Austin - State officials, fearing a violent reaction from members of a West Texas polygamist sect, considered a secret plan to haul hundreds of children and their mothers to Midlothian to be separated, internal e-mails show. But a judge vetoed the plan.
They also worried that mothers would try to make a "run" from the shelter with their children, feared a rampage of infections among the families and fretted about the fear of violence and state resources being overwhelmed by events.
More than 1,500 pages of e-mails between the governor's office and Child Protective Services, obtained by The Dallas Morning News under state freedom of information laws, show top executives working day and night in early April to deal with a raid on the Yearning for Zion ranch that quickly mushroomed into a massive operation. In the first week, more than 1,000 personnel were deployed and costs reached $2.3 million.
Conspicuously absent in the e-mail strings was Gov. Rick Perry. While his executive staff was exchanging information and tracking events, Mr. Perry did not receive a full briefing from officials until five days after the raid - when more than 500 people were being held in state-run shelters.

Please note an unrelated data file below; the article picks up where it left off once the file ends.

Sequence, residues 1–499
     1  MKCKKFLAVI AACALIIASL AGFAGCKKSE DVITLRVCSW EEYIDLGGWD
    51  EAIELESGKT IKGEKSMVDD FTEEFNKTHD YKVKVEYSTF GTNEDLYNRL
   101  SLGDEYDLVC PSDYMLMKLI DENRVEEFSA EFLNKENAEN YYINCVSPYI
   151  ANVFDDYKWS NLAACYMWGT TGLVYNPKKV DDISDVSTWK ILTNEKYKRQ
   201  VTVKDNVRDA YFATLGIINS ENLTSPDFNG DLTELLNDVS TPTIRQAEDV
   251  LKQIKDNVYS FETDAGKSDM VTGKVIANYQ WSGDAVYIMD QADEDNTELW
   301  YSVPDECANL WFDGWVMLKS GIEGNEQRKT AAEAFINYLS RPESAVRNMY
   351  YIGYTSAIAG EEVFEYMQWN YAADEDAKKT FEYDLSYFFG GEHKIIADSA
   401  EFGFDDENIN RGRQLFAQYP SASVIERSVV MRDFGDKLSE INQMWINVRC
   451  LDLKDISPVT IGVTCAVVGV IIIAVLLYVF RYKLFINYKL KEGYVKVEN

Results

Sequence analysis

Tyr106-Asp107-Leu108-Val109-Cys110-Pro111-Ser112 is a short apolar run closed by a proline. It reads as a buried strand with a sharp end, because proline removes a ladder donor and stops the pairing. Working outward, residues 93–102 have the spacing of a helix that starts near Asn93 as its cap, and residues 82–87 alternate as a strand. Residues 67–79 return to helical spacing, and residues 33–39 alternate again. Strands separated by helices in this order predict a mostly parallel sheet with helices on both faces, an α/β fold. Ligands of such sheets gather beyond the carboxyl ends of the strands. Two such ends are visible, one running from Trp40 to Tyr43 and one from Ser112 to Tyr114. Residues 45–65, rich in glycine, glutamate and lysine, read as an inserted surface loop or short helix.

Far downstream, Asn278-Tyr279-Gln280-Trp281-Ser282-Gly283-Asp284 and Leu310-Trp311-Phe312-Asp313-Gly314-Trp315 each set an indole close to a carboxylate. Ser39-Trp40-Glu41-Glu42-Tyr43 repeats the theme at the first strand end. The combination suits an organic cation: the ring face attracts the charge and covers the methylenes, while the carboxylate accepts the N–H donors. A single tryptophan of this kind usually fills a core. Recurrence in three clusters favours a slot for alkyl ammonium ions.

Spokeswoman Krista Piferrer said that because the situation was highly charged and fluid, Mr. Perry used the phone and personal updates from his staff to stay informed. During his administration, he has avoided using e-mail because the content is subject to open-records requests. The governor's office and CPS withheld hundreds of pages of messages, citing state laws exempting confidential information.
Ms. Piferrer said the governor was engaged but deferred to the experts at Child Protective Services and the Department of Public Safety to conduct the investigation and do their work.
The governor's office was first informed there was a problem on April 1, when CPS and Texas Rangers said they were planning to raid the polygamist ranch in two days - on a Thursday. The impetus was a call from a 16-year-old pregnant girl - later determined to be a hoax - who reported physical and sexual abuse by her 49-year-old "spiritual husband."
"They went in there not expecting to find 400 children," Ms. Piferrer said. "You can easily see where it went larger than just those two entities - CPS and law enforcement."
Within a day of the raid, more than 100 girls and women had left the compound, but more children kept turning up as log cabins on the ranch were searched. Supplies were called in from the Red Cross, Goodfellow Air Force Base and local shelters. CPS workers' state-issued credit cards were quickly maxed out.
Hundreds in custody
As the weekend passed, more than 400 children were in custody. The Governor's Division of Emergency Management had set up a command post, state agencies had pitched in - including even the Forest Service - and hundreds of state workers had been deployed.
Among other details the e-mails reveal: